The imagery and symbolism used in both of these stories are used to convey the central character in each story, and to develop the themes that the stories raise. For example, in "A&P," the way Sammy refers to the customers who come to the supermarket where he works expresses his sense of humour but also his distaste for those who go along in life and just go with the flow. For example, note the way that he talks about the "cash-register-watchers" who deliberately want to trip up the cashier attendants. Consider the way he refers to the customers as "sheep." These examples of imagery are very significant, particularly the last metaphor, as it demonstrates the theme of whether it is right to go along with the crowd unquestioningly, or to stand up and challenge the status quo when it is appropriate. The use of the metaphor "sheep" by Sammy strongly foreshadows the stand that he takes at the end of the story; after all, he can hardly mock customers for being sheep-like if he then is a sheep himself when challenged by his boss.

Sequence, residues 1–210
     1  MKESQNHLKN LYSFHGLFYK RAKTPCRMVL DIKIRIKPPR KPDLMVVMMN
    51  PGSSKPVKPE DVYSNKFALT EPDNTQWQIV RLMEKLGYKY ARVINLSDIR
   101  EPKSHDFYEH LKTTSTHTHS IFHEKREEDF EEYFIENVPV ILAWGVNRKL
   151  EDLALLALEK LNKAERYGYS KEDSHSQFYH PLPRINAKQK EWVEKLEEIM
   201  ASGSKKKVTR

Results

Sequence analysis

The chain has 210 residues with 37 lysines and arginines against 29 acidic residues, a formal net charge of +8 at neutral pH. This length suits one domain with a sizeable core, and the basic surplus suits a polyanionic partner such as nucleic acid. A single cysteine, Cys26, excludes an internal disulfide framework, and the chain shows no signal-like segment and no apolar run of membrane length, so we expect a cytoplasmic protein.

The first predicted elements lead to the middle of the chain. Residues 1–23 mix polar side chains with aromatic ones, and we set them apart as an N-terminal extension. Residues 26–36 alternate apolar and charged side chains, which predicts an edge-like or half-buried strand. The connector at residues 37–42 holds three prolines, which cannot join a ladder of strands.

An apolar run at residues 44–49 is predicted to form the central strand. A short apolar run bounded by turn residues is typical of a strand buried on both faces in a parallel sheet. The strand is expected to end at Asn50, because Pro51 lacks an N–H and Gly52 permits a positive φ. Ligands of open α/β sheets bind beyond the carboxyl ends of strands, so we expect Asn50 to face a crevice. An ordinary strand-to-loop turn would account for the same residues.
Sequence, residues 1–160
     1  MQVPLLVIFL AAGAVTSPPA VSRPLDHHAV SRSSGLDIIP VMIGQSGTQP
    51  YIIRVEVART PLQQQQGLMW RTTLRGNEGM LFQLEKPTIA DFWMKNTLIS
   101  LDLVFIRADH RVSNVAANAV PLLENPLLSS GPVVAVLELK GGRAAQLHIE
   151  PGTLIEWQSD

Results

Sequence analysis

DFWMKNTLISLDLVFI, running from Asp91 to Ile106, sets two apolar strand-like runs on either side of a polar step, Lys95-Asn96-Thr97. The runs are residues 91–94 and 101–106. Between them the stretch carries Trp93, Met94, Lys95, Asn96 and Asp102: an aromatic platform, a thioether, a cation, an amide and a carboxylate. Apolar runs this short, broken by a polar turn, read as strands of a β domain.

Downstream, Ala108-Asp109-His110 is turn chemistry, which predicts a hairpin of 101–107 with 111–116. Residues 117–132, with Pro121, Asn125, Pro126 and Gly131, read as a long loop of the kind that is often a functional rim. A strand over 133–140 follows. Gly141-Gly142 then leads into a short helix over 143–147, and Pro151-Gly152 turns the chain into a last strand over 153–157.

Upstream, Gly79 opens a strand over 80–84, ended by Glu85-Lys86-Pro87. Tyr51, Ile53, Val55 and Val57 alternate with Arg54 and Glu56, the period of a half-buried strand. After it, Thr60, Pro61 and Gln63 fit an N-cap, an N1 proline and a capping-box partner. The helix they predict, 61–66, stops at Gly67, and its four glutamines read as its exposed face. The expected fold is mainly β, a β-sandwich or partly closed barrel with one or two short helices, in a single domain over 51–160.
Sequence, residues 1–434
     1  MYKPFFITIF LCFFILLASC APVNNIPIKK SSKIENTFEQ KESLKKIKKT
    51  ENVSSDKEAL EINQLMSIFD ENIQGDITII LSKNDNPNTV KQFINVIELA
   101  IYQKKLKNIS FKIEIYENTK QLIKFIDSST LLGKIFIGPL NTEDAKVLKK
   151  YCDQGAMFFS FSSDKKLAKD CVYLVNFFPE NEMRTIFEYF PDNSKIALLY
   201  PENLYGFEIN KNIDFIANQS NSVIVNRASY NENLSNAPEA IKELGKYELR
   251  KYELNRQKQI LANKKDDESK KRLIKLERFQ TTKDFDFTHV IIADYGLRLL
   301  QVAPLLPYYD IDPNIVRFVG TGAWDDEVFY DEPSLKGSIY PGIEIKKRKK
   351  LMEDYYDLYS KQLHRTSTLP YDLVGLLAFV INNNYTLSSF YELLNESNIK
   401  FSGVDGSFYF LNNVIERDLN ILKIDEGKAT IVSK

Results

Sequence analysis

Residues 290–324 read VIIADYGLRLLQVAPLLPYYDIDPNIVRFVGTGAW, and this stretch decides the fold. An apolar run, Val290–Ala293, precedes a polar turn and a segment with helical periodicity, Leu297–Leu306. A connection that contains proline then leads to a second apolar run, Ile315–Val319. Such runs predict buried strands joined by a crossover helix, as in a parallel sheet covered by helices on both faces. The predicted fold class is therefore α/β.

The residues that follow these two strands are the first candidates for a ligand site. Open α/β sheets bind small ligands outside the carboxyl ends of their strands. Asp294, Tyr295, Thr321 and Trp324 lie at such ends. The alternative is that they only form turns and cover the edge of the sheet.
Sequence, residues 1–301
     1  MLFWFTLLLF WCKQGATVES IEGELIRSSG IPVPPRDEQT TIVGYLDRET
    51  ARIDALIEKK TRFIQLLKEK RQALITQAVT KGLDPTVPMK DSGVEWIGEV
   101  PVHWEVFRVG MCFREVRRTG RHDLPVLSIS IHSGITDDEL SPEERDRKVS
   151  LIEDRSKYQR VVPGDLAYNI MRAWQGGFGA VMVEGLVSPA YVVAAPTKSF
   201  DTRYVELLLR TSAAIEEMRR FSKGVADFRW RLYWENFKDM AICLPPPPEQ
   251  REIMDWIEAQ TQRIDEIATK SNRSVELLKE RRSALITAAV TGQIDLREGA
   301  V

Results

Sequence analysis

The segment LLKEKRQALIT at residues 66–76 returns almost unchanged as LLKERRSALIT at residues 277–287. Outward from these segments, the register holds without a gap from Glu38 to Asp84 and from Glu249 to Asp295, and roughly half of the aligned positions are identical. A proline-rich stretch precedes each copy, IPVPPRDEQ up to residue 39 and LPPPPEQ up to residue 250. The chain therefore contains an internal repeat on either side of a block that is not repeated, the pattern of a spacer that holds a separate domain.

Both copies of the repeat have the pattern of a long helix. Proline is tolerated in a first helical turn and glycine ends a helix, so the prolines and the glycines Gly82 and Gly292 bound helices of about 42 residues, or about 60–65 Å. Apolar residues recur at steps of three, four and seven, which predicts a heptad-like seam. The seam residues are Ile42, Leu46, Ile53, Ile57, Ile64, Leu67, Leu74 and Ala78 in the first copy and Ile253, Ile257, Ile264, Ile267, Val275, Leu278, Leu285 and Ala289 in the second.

In the same way, the imagery in Araby is used to develop the theme of appearance vs. reality, and how the narrator is unable to differentiate between the two. Note for example how Mangan's sister is described in the following quote:
She was waiting for us, her figure defined by the light from the half-opened door.
Firstly, Mangan's sister is always associated with light, which makes her seem angelic. Secondly, the way she is described would make her appearance very difficult to work out. The narrator seems to base his teenage hopes and love on an insubstantial figure, which of course pre-empts his epiphany at the end of the story where he realises the reality of his romantic hopes and dreams. The imagery in both stories then help develop the respective themes and characters.